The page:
Afterpay believes a fear of credit card debt by millennials will drive its global growth

L-R: Matt Kean MP, NSW Minister for Innovation and Better Regulation, Gabrielle Wakeman and Nick Molnar from Afterpay (winner of FinTech Organisation of the Year), and Karen Borg, CEO of Jobs for NSW. Photo: Supplied
  • Afterpay is tipping fear of debt among millennials as key for its US expansion.
  • Experts say credit card usage is falling for millennials.
  • Millennials in the US do not appear to be as averse to debt as Australians.

Afterpay is tipping that a fear of debt by millennials is going to be key to the company’s success in the US.

Afterpay co-founder Nick Molnar told the Altfin conference in Sydney that the company’s expansion into the US would be buoyed on by a “more pronounced” aversion to debt than is held by Australians, the Sydney Morning Herald reported.

“You hear anecdotes that the US is a credit-driven society, and it’s kind of like ‘OK, we’re the opposite of that, are we going to get the same uptake?’” he said. “And actually, we’ve found that millennials have been even more pronounced in their aversion to traditional credit products, largely because of student debt, and it’s just a different landscape.”

But new findings from the New York Federal Reserve show that American millennials have increased debt by 22 per cent in just five years to a total of more than USD$1 trillion.

According to a 2018 report from the St. Louis Federal Reserve Bank, mortgage debt is about 15% lower for millennials, while credit card debt among millennials was about two-thirds that of Gen X.

Compare this to Australia, where credit card debt fell 4.2 per cent in 2018 and a report from Afterpay itself showed credit card debt as as share of debt was lowest for millennials at only 10 per cent.

But Commsec senior economist Ryan Felsman told Business Insider Australia that across the board consumers in Australia were focused on paying down debts.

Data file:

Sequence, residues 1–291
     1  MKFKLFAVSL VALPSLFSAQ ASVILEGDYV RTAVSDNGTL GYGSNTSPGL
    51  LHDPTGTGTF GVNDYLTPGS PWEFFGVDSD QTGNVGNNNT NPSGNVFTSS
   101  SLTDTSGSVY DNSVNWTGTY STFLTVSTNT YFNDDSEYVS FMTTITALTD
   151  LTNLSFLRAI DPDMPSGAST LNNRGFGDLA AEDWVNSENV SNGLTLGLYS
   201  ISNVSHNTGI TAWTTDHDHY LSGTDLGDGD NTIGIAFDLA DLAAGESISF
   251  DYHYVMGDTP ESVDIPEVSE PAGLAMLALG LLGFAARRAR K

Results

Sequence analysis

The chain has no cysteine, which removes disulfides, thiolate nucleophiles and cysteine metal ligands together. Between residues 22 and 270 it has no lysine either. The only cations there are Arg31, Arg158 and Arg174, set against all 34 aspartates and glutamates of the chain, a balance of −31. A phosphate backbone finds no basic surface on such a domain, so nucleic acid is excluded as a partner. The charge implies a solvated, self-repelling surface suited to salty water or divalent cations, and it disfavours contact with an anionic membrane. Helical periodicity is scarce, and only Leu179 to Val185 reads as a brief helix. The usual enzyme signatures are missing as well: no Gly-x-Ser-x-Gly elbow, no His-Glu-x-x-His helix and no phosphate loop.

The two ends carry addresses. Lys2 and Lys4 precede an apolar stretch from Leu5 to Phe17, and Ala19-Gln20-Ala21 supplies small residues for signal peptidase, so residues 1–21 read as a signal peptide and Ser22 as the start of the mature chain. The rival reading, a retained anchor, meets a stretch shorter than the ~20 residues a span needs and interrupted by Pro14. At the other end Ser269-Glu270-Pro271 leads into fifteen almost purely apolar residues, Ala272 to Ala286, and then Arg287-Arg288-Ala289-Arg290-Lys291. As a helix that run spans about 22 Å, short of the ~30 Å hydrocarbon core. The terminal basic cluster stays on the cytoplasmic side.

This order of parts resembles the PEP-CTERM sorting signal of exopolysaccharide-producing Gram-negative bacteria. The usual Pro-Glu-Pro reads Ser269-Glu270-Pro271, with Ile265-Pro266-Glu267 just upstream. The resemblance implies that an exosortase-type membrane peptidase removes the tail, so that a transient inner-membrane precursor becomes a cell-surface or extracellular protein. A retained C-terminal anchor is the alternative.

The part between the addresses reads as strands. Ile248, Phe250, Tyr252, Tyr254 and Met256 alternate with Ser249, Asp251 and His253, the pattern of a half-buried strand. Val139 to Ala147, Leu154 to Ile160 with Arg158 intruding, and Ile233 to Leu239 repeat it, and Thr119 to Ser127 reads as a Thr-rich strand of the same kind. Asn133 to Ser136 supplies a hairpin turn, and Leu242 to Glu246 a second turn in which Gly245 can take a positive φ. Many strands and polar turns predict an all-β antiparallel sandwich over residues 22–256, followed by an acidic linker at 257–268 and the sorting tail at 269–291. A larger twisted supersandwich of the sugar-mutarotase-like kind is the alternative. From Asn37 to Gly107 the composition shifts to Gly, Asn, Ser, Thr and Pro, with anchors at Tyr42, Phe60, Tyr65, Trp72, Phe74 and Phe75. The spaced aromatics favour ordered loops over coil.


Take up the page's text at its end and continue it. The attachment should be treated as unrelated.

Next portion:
“We’re seeing risk aversion play out with a cautious consumer, we are seeing that translate into risk aversion around credit card debt,” he said. “Millennials are quite risk averse when taking on credit card debt, we see them use debit cards frequently but there’s also a move towards buy-now-pay-later platforms.”

Canstar’s financial expert, Steve Mickenbecker, told Business Insider Australia that he expected the same sorts of people who get into trouble with credit card debt would also likely get into trouble with debts on buy-now-pay-later platforms.

“If you don’t meet your repayments they cease to be good products,” he said.

At the conference, Molnar pointed to a 30 per cent reduction in its bad debt expense to 1.2 per cent of its book at its latest results. The company spent $2.3 million in 2018 trying to recover bad debts.

Speaking at the conference Molnar pointed to the impact of the global financial crisis on attitudes to debt, saying he thought this phenomenon had occurred around the world.

“In Australia there are twice as many debit card transactions now than there are credit card transactions. In the US, two out of three people aged 18 to 30 actually don’t own a credit card anymore,” he said.

Ryan Felsman said recent surveys from Westpac had shown people thought the safest thing to do with their money was to pay down debts.

“That suggests that Australian households are more focused on deleveraging,” he said. “We’ve seen GenX and baby boomers take on huge debt loads but the younger generation are less enthused about having large mortgages and debts.”

Afterpay is making a big push for the American market, alongside its expansion into the UK, announced in August last year.

At the conference, Molnar said they expected to have 1 million US customers by March this year.

The AFR reports that Afterpay suffered a larger-than-expected net loss of $22 million for the six months to December 31 2018 as it chased new hires in Silicon Valley. At the time the company said it would spend at least another $10 million in 2019 to chase the US and UK opportunities, including new co-marketing with retailers.

Canstar’s financial expert, Steve Mickenbecker, cautioned that America had been the graveyard of many Australian companies trying to expand overseas.

“Australian companies go over there thinking they’re doing this well over here, what about if we attack this market with the same model and they have misunderstood the US,” he said.

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